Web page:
Free Press/Fair Trial (Update)
Free Press/Fair Trial (Update)
FREE PRESS/FAIR TRIAL (Update)
The Supreme Court has firmly established a first amendment right of access to criminal proceedings. In Press-Enterprise Co. v. Superior Court (1986), the Court held that a "presumption of openness" in criminal trials extends to aspects of the trial beyond the actual testimony of witnesses. All trial matters, such as the jury selection (voir dire) process, are presumptively open. The media can be excluded only if the trial court specifically finds compelling reasons to close the trial and finds that less-restrictive alternatives cannot safeguard the defendant's right to a fair trial.
Since 1984 the Court has defined the scope of the media's right of access. In Waller v. Georgia (1984), the Court expanded the right of access to pretrial evidentiary hearings, although it did so on the basis of the defendant's Sixth Amendment right to an open trial. In Press-Enterprise, the Court concluded that the media have a qualified First Amendment right of access to pretrial proceedings that can be overcome only by "an overriding interest based on findings that closure is essential to preserve higher values and is narrowly tailored to serve that interest." Therefore, courts must decide case-by-case whether any portion of a criminal proceeding can and should be closed. Laws that automatically close proceedings, such as the Massachusetts law in globe newspaper company v. superior court (1982) excluding the press from hearing the testimony of young victims of sex crimes, are constitutionally infirm.
Although the media's general right to attend and report on court proceedings has been secured, courts do possess limited power to restrict press access to information outside the courtroom door. Not only do courts retain the power to issue gag orders directed at parties, attorneys, and witnesses in a case, but attorneys are now subject to professional disciplinary action if they make extrajudicial statements that have a "substantial likelihood of materially prejudicing an adjudicative proceeding." The Court upheld the constitutionality of such orders in Gentile v. State Bar of Nevada (1991). The Court also held in Seattle Times v. Rhinehart (1984) that courts may limit the media's access to information by sealing information under a protective order.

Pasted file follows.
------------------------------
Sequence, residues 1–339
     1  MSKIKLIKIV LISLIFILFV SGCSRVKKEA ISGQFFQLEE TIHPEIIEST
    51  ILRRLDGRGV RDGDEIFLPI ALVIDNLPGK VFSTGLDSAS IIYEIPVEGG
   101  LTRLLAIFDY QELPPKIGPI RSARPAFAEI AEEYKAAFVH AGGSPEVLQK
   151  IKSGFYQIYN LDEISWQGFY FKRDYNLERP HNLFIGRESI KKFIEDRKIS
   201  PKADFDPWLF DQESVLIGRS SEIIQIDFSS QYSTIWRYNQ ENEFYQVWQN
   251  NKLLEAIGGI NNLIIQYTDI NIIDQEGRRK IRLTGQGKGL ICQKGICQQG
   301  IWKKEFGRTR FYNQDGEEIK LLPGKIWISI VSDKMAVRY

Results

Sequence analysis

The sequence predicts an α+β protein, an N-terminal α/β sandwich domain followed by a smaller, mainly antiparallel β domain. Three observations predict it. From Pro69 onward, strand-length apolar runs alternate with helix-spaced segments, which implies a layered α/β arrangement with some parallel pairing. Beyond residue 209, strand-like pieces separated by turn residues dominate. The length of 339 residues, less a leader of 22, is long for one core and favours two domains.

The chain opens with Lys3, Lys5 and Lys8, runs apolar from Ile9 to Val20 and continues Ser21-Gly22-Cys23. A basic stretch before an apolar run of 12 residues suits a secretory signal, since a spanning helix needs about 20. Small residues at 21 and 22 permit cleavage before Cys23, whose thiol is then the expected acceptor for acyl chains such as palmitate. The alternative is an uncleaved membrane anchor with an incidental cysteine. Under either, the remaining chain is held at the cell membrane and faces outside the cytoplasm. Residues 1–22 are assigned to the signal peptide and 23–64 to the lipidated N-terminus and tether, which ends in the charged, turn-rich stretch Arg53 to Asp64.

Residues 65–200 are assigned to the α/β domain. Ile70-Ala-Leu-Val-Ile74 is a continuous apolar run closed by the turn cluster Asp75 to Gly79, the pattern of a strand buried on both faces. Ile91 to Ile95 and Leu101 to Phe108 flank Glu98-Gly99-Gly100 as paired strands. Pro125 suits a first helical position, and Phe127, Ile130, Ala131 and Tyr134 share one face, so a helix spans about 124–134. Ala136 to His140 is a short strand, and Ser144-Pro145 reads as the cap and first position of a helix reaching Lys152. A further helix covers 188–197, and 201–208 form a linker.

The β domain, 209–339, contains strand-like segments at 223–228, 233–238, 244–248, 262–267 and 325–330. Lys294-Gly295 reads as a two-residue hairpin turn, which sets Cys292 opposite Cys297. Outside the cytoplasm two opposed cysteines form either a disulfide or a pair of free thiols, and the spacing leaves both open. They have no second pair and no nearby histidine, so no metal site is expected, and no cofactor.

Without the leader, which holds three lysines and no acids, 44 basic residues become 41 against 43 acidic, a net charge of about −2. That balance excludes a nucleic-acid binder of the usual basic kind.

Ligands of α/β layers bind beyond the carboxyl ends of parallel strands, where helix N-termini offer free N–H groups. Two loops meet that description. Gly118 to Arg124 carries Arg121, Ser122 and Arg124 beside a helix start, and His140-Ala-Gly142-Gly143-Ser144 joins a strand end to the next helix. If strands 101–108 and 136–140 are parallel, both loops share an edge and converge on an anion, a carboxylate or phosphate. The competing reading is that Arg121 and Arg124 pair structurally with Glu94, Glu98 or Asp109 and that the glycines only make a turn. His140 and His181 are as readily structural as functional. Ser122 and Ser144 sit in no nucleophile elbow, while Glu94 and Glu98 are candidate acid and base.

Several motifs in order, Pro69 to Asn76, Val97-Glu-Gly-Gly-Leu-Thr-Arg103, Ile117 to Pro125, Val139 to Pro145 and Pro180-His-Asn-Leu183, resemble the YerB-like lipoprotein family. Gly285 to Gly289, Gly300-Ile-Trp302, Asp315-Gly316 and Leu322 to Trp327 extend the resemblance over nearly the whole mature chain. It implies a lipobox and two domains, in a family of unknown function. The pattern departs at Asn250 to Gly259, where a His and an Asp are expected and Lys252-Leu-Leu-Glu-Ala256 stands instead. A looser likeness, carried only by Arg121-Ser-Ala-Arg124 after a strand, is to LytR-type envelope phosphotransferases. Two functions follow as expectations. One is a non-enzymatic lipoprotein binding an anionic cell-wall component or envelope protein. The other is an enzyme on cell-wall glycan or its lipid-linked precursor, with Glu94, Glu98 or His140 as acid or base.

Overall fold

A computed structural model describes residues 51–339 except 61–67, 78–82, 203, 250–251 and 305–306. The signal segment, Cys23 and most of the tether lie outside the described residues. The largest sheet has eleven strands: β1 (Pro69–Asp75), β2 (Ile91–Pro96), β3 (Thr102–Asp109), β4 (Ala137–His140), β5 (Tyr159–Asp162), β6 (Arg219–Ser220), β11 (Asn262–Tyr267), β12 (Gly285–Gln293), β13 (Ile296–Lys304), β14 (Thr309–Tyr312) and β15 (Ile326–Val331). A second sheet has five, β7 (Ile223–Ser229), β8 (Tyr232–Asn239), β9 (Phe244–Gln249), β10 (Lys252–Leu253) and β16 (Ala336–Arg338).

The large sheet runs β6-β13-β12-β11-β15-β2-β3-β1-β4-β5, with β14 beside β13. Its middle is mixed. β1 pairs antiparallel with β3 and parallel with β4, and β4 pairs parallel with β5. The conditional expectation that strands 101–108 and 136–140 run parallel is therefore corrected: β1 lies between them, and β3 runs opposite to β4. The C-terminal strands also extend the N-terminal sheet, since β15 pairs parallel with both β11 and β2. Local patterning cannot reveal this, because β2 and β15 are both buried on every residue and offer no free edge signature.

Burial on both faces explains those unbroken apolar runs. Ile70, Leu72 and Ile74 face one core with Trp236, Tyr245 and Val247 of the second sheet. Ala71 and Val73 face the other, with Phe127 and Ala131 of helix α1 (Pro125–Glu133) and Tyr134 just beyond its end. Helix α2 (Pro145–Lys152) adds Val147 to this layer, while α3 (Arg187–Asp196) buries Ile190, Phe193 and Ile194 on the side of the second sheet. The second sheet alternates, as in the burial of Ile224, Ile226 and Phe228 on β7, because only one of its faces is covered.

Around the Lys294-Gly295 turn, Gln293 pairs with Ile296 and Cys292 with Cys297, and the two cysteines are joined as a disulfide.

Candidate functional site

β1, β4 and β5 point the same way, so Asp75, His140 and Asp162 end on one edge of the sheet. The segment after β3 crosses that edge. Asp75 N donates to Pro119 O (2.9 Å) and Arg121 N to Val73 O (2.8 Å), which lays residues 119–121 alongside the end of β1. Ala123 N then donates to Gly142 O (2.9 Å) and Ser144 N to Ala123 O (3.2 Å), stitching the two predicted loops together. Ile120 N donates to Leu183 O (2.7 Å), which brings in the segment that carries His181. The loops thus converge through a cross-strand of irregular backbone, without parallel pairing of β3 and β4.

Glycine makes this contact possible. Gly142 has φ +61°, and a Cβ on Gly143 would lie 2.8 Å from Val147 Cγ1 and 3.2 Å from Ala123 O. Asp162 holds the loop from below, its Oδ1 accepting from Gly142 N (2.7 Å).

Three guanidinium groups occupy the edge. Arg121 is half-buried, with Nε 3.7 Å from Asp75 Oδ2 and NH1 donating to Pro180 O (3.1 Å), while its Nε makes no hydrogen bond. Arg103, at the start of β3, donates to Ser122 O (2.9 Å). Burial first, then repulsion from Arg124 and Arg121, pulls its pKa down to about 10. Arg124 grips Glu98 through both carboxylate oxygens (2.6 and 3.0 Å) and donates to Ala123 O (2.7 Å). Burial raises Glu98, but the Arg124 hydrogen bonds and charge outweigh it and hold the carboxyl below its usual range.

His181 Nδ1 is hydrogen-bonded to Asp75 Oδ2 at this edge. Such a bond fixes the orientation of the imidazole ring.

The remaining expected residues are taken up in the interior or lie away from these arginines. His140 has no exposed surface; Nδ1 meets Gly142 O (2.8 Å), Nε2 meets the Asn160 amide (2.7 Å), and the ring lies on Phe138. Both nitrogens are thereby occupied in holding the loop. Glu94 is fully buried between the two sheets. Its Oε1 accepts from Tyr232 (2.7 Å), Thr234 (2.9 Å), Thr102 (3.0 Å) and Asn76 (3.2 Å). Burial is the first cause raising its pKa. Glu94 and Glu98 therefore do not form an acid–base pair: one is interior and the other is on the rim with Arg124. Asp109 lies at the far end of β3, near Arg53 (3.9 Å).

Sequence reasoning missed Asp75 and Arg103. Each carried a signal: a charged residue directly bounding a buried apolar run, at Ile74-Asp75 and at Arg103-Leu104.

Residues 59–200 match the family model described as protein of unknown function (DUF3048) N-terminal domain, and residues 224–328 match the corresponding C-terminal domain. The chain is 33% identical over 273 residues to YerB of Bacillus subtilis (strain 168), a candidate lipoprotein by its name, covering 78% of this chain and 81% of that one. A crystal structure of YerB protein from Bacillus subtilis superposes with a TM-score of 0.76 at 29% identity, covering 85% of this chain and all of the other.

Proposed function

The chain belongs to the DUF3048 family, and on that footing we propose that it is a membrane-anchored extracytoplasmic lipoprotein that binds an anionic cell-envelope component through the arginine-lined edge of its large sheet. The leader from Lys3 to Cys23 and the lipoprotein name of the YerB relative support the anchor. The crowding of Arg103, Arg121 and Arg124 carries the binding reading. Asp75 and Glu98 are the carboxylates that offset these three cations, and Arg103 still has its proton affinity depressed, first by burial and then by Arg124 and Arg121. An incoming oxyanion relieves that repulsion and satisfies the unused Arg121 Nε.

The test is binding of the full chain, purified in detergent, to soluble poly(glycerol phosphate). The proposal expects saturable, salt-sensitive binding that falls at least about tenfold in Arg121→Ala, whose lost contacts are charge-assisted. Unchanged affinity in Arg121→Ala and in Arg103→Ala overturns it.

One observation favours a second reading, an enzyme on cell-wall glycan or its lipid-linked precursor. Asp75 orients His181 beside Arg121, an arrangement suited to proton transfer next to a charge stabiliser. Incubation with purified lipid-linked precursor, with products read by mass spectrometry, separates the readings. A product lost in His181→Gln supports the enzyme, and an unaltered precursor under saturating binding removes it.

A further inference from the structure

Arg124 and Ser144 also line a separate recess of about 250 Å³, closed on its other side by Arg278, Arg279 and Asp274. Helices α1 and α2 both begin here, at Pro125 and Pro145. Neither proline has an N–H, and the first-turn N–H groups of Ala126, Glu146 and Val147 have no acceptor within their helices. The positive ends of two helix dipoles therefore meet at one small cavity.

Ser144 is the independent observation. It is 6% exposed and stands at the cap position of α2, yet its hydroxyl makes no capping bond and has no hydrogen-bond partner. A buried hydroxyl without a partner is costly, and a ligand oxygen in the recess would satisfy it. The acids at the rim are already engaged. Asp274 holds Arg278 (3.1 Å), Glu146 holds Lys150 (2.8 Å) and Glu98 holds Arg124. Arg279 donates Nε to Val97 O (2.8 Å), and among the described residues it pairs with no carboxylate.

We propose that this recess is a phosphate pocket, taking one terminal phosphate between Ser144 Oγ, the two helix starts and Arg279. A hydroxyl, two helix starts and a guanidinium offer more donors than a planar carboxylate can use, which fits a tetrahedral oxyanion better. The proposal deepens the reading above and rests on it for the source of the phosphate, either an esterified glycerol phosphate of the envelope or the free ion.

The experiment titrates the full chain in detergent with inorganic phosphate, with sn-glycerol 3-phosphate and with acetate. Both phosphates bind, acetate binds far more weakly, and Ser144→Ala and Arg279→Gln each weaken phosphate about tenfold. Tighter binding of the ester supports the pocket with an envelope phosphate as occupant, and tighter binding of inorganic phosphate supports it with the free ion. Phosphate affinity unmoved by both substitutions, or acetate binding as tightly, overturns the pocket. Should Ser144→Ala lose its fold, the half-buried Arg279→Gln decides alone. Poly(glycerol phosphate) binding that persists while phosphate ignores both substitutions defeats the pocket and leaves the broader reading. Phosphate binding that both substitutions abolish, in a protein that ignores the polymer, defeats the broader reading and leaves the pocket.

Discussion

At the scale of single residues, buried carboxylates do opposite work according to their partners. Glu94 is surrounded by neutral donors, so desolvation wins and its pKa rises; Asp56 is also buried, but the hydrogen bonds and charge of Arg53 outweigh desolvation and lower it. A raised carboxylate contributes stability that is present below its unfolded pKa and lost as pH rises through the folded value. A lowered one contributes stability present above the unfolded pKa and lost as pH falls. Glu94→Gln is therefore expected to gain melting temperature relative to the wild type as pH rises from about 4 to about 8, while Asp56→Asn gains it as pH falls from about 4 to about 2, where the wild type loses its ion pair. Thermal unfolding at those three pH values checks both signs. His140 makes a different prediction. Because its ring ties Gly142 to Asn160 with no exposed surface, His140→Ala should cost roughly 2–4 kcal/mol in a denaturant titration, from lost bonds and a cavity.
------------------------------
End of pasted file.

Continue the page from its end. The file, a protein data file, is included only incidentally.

Difficult issues still facing the courts include the use of cameras inside the courtroom and whether the press's right of access also applies in civil cases. The Court has never found that the press has a constitutional right to use cameras in the courtroom. However, in chandler v. florida (1981), the Court held that televising trials is constitutionally permissible. Thus, it is left to the discretion of legislatures and trial judges to decide whether to permit the televising of trials. Courts typically will balance the interest of the public in viewing the proceedings against the possible disruption of the proceedings from televised coverage. Another major concern for courts is the possible effect of camera coverage on unsequestered jurors. The televised trials of high-publicity cases, including the 1994 murder trial of football star O.J. Simpson, has caused many courts to reconsider their willingness to allow cameras in the courtroom.
Traditionally, issues involving press access to trials have focused on the media's coverage of criminal proceedings. The Court has never explicity ruled on whether the same rights of access apply to civil proceedings. The First Amendment would seem to safeguard such access. Historically, the press has had access to civil, as well as criminal, proceedings. Even more importantly, the critical role of the press in allowing the public to scrutinize the performance of its governmental institutions and officials applies with equal force to civil trials. The free press, rather than being an obstacle to a fair trial, is one of the means by which a fair trial can be ensured.
Laurie L. Levenson
(see also: Freedom of the Press.)
Barber, Susanna 1987 News Cameras in the Courtroom: A Free Press–Fair Trial Debate. Norwood, N.J.: Ablex Publishing Corp.
Freedman, Warren 1988 Press and Media Access to the Criminal Courtroom. New York: Quorum Books.
Uelmen, Gerald F. 1997 Leaks, Gags, and Shields: Taking Responsibility. Santa Clara Law Review 37:943–979.